Baby showers, a mainly American tradition of holding special parties for expectant mothers to celebrate the imminent arrival of their babies, are gradually gaining popularity in Japan.
Tokyo Baby Cafe, a cafe near Tokyo’s Omotesando boulevard with an indoor playroom for babies and toddlers, launched in August a “baby shower service plan” that offers an opportunity for friends and family members of a mom-to-be to throw a party for her.
Several major hotels have also begun offering similar services.
While it is customary in Japan to send gifts after the birth of a baby, the purpose of a baby shower is to give the expectant mother a relaxing time with her friends and family to receive their support and encouragement before becoming preoccupied with her baby.
“As most babies that pass the second trimester of pregnancy are born without complications nowadays thanks to medical advances, the American custom is gradually being adopted in Japan,” said Midori Tomida, head of Tokyo-based event planning agency Babyshower Japan.
Along with the new trend, the range of gift choices is also expanding.
Although the mainstream remains baby clothing, blankets, toys and the like, new types of presents focus more on pampering the moms-to-be — such as gift certificates for housekeeping services.
Bears Co., a housekeeping service provider headquartered in Tokyo, started selling such coupons in July last year as gifts for expectant mothers, allowing them to choose either 2½ hours’ worth of housework or to have particular places such as a bathroom or kitchen cleaned. Sales are growing steadily, a company official said.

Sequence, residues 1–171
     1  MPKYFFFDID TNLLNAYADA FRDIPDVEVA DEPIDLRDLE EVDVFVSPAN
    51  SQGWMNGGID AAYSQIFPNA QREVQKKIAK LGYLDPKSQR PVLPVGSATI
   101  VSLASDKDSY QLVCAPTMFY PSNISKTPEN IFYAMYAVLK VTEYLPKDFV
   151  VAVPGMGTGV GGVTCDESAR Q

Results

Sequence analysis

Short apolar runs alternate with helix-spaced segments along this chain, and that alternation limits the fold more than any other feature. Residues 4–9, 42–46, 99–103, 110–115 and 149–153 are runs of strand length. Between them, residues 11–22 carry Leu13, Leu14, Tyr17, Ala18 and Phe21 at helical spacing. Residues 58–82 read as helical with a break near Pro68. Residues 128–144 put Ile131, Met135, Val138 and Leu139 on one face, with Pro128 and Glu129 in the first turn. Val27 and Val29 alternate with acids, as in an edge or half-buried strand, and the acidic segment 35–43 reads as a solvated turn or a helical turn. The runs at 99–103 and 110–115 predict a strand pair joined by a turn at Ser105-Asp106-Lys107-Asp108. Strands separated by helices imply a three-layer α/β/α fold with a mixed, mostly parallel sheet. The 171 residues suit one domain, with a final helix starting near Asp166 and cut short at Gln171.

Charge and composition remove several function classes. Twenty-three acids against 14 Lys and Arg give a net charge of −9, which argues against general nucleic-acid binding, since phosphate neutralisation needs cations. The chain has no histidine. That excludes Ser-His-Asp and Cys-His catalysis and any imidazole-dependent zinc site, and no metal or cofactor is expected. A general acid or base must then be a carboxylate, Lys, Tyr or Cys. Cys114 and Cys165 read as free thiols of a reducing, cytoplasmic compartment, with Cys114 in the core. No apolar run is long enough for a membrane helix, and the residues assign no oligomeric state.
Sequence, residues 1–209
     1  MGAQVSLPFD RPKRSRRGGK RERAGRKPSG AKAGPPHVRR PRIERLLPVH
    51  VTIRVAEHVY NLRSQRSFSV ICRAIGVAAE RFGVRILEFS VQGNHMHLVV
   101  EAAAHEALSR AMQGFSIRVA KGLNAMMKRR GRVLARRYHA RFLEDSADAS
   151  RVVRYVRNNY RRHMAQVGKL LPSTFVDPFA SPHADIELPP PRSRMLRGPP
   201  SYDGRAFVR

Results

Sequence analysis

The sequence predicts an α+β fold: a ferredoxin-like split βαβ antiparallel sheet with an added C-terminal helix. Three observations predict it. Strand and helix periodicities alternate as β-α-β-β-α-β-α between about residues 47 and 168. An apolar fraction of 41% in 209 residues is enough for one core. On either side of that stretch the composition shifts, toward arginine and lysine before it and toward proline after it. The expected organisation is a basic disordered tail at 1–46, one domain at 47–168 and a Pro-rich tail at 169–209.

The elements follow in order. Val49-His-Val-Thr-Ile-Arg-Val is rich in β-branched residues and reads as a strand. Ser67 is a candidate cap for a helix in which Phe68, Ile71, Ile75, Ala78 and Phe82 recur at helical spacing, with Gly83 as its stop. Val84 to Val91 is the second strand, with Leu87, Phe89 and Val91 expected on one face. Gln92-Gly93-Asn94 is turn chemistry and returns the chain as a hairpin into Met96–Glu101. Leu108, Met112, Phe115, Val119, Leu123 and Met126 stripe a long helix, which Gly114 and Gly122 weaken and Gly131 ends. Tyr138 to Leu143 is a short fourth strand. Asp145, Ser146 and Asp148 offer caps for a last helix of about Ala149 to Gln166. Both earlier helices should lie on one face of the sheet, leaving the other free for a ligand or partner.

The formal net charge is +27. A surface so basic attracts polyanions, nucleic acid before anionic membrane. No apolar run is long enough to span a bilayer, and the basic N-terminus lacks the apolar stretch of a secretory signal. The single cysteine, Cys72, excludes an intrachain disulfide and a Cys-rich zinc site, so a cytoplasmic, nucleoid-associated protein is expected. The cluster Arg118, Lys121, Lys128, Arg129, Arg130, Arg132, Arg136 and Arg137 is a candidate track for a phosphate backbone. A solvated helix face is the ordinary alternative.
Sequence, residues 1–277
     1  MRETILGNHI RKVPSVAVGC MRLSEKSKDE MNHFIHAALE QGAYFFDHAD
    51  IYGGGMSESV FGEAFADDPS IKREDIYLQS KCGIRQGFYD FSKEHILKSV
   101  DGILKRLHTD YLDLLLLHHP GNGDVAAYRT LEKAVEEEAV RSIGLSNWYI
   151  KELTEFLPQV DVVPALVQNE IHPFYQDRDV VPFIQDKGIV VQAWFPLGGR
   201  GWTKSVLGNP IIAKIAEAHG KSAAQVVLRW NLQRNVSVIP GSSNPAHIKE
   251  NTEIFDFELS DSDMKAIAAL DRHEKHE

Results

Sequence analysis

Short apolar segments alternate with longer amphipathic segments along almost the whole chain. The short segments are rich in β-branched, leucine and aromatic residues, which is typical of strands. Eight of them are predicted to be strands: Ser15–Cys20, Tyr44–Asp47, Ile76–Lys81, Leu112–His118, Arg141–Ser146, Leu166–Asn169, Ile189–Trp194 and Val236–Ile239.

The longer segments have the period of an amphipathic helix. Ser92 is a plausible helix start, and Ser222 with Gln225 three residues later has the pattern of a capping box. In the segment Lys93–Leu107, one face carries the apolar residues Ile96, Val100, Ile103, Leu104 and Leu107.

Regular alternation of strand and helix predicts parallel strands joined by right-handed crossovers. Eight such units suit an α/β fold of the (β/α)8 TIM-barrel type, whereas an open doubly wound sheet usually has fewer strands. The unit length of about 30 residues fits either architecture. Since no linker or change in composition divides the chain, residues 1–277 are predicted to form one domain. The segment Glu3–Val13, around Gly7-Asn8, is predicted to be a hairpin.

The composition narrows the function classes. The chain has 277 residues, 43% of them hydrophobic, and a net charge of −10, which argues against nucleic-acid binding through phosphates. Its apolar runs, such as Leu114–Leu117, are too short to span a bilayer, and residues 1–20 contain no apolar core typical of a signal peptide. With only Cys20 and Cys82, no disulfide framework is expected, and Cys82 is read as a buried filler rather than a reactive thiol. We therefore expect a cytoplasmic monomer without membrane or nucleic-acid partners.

A 34-year-old Tokyo resident received one such coupon from a childhood friend when she gave birth to her second son.
“I was really grateful,” she said, as the grease and dirt in the kitchen and elsewhere around the house had weighed on her mind. “I was exhausted, both physically and mentally, from taking care of the children,” she recalled. Thanks to the gift coupon, her house is now spick-and-span.
Akachan Honpo Co., a major chain store for baby goods headquartered in Osaka, is also considering selling gift certificates for services to clean air conditioners and bathtubs next year.
“There is a growing interest recently in alternatives such as gift catalogs, from which the receiver can pick her present of choice, and housekeeping services,” said an Akachan Honpo official.
“Many second-generation baby boomers (around 40 years old) are relatively unattached to customs,” said marketing writer Megumi Ushikubo.
“They tend to feel they deserve to be treated or rewarded for their hard work, and their friends also understand such feelings,” Ushikubo said. “I believe this is reflected in the celebrations and gifts presented.”